How to build a better airport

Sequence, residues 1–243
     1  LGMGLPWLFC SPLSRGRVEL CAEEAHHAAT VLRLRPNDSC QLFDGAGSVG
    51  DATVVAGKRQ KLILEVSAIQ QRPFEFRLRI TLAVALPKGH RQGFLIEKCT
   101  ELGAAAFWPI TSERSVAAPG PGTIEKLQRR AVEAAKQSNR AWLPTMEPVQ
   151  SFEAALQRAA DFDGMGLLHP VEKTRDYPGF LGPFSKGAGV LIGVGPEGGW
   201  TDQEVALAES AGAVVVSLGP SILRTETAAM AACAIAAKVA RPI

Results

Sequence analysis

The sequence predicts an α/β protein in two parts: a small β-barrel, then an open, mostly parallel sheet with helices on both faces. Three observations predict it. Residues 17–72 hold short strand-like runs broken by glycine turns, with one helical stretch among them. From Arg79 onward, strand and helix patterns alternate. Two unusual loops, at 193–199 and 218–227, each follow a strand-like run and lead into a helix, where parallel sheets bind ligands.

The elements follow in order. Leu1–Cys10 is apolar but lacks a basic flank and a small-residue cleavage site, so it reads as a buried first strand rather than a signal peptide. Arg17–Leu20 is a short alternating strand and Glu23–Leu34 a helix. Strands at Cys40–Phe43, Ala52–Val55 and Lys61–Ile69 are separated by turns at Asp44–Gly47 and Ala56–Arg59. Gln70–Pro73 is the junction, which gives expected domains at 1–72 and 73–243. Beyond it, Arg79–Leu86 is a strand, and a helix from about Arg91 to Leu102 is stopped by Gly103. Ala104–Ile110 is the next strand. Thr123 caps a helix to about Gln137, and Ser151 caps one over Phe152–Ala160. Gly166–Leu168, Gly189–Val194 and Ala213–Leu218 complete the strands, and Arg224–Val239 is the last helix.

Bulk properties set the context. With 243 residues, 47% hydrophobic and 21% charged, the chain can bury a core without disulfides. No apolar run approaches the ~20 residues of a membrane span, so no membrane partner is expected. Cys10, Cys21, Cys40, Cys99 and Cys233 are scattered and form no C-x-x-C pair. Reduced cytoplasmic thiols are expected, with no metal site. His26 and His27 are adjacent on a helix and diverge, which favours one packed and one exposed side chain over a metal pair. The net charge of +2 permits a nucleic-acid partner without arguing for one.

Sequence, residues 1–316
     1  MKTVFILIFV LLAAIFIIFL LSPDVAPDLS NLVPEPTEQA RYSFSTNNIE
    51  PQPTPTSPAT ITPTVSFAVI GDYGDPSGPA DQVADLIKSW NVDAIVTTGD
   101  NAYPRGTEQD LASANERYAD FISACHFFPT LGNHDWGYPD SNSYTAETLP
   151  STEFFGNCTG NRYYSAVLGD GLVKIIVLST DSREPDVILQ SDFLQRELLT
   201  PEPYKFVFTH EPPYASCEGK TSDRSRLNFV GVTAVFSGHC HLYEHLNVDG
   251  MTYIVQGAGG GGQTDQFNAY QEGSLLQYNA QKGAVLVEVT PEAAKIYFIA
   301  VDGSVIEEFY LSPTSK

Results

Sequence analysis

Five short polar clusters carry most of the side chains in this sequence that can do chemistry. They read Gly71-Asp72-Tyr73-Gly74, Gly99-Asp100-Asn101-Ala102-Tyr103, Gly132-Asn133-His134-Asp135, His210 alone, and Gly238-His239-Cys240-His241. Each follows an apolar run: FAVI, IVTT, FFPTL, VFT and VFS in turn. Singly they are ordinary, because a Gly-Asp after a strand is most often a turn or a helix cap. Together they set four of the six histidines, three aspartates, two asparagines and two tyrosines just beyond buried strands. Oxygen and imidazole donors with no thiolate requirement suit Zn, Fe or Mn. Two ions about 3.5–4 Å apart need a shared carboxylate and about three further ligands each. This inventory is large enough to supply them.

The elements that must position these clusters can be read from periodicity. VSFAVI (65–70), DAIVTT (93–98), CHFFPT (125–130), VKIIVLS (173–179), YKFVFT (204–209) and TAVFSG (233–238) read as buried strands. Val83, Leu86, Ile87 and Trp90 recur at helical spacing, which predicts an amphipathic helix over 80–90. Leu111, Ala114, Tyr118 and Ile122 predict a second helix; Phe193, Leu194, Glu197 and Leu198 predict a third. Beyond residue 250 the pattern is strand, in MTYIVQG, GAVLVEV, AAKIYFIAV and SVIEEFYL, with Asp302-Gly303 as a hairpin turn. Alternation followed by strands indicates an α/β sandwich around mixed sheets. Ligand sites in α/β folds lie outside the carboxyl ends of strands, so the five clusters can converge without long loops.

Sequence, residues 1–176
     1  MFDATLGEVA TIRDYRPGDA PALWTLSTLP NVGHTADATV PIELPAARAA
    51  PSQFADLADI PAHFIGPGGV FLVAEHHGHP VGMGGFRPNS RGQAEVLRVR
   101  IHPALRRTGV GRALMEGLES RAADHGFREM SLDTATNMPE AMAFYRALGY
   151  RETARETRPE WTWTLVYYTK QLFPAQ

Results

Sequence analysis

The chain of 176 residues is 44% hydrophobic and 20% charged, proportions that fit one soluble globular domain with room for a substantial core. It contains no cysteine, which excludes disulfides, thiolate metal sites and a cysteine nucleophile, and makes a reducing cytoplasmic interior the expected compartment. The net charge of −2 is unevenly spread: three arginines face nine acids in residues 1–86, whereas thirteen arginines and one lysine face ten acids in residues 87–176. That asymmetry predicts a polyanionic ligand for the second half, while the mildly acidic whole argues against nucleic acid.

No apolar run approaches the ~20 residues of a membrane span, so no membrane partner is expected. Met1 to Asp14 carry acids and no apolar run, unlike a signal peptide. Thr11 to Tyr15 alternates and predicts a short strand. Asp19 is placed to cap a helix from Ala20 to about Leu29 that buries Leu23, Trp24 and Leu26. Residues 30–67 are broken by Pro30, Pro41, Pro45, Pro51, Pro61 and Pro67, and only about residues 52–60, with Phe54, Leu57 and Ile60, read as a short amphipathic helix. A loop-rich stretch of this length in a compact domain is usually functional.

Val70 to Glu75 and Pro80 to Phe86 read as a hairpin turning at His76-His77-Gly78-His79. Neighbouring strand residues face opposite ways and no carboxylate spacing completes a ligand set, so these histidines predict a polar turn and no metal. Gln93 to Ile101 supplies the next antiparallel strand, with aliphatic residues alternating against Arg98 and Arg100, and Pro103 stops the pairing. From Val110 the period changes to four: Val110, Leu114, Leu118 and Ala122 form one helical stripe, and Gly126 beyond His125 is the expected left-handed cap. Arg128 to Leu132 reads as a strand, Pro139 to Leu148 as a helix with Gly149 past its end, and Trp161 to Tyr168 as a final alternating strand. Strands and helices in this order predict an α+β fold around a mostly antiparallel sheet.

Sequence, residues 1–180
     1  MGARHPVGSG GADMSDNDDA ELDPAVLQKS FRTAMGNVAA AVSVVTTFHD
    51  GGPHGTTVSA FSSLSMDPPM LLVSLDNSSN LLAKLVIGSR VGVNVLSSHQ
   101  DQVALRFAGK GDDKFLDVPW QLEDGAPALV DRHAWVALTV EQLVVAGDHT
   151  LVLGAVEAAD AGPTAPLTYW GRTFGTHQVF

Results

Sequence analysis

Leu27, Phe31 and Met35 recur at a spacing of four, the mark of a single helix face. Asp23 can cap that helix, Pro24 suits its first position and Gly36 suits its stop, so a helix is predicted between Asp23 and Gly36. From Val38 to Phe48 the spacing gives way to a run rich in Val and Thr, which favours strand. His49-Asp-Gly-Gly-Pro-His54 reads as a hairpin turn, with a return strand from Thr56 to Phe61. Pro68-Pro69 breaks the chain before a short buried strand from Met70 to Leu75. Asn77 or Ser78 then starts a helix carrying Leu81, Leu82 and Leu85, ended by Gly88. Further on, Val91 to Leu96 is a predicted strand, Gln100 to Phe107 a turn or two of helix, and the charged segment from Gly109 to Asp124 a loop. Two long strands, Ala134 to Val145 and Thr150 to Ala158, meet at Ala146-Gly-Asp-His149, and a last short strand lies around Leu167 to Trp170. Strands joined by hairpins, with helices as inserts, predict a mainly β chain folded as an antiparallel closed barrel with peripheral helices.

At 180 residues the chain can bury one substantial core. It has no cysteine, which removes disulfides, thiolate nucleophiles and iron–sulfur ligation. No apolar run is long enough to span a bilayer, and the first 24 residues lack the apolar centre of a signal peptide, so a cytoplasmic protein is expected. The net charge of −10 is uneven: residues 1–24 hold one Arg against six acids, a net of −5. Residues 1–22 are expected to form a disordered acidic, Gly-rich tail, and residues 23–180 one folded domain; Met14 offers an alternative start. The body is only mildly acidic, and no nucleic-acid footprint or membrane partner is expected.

A safe, resilient, sustainable network of airports is essential for Canada's future.  But airports need an active federal partner to get us there.After 18+ months of COVID-19, we are all ready to move forward.  While the virus is still not totally defeated, vaccine numbers continue to rise and we have a better understanding of how to contain the spread of illness.  We are ready to take the next step to rebuild our economy, restore jobs and create a greener future. But it will take the full commitment of the federal government and industry partners to get us there.Canada's not-for-profit airports operate on passenger-generated revenues and have been especially hard hit by the travel shut down.  Even though travel is beginning to open up, airports continue to lose hundreds of millions of dollars. Airports are busier, but the flow comes in peaks and valleys, with a few crowded timeslots overshadowed by many more with no flights at all.   Even with easing international travel restrictions, demand in the 3rd quarter of the year is still only 37 per cent of 2019, and year to date is just 20 per cent of 2019.Fortunately, the government has provided some financial assistance.  In all, federal support, including the Canada Emergency Wage Subsidy and rent deferral has come to $1.6 billion.  Beginning this summer, airports were able to access specific funding to support close to 30 projects, which they used to help finance sustainable capital projects, route development, public transit, and operations.Not only is this a good start, it is also the way forward. All the government needs to do is to evolve their short-term pandemic supports into longer term programs to build a foundation for sustainable, resilient and safe airports for decades to come.For example, the government could extend the National Trade Corridors Fund (NTCF) to increase the flow of trade and help the transportation system withstand the effects of climate change.  The fund has already have been used successfully in a number of airport projects, including expanding western Canadian air cargo export capacity at Edmonton International Airport and strengthening the transatlantic trade corridor infrastructure at Gander International Airport Authority.Other support programs that should be extended include new Airport Critical Investment Program (ACIP) and the expanded Airports Capital Assistance Program (ACAP), which invest directly into projects that enhance airport safety, security, and sustainability at large and small airports.In essence, these programs allow airports to jumpstart their carbon reduction strategies while making new investments in safety and security.  For example, the Vancouver Airport Authority will be using federal ACIP funds to support upgrades to its Runway End Safety Area and dike and drainage system. According to the airport's president and chief executive officer, Tamara Vrooman, the federal funding will enable YVR to “deliver critical safety and climate-related infrastructure projects, ensuring we are well positioned to continue serving our community and the economy that supports it as our region collectively builds back stronger for the benefit of all British Columbians.” ACIP was also accessed by Aéroports des Montréal to build its new public transit station at Montréal-Trudeau International Airport.For smaller airports, the expanded ACAP program plays a similar and equally important role.  The Greater Moncton International Airport Authority used ACAP funding to complete work on the rehabilitation of its primary runway, taxiway signage, and for a new aircraft rescue and fire fighting vehicle to be delivered in March 2022. The airport was not previously eligible to participate in the ACAP program but was able to apply this year as the program was expanded to help a greater number of regional airports manage the impacts of COVID-19.Continuing these programs with robust funding and a sharp focus on sustainability would give the government a prebuilt, turnkey solution for a greener aviation sector.The next step in aviation's recovery will be to restore competitively priced service that connects our regional and international hubs to tourism and trade opportunities.To get there, airports must repay COVID-19 debts, rebuild their financial security, and restore airline routes. The best and simplest way to help larger airports restore their finances is by waiving all airport rent until the sector recovers.  For smaller airports, the government should extend the well-received Regional Air Transportation Initiative (RATI) to bridge the revenue gap as demand slowly rebuilds.So far, the federal government has only deferred rent for the four busiest airports, so a good step would be to fully waive rent for these airports as well.  Beyond this measure, if rents are reinstated, we see an exciting opportunity for the government to collaborate with airports directly on reinvesting revenues from rents to climate change busting projects.The RATI program has been a lifeline for smaller communities. For example, the North Bay Jack Garland Airport Corporation in Ontario is using RATI funds to help mitigate the financial pressures brought on by COVID-19 by supporting operations and helping maintain 11 local jobs, plus supporting the 700 jobs that are dependent on the airport, including 320 in aircraft maintenance. Like dozens of its counterparts across the country, the Jack Garland airport not only provides critical regional access, it is also an essential part of our national transportation network and economy.The final step in our recovery plan is to get more people onto airplanes as quickly as and safely as possible by restoring consumer confidence and rebuilding connectivity.  To move forward, we must the remove costly and cumbersome processes when they are no longer necessary, such as PCR testing of fully vaccinated travellers. At the same time, we can increase cross border and international travel quickly by reopening CBSA services at regional airports and increasing resources at U.S. CBP pre-clearance airports.The way forward is clear but it will take everyone - airports, industry partners and government, to work together to create a new and stronger airport network.   It's time to execute.Daniel-Robert Gooch is president of the Canadian Airports Council.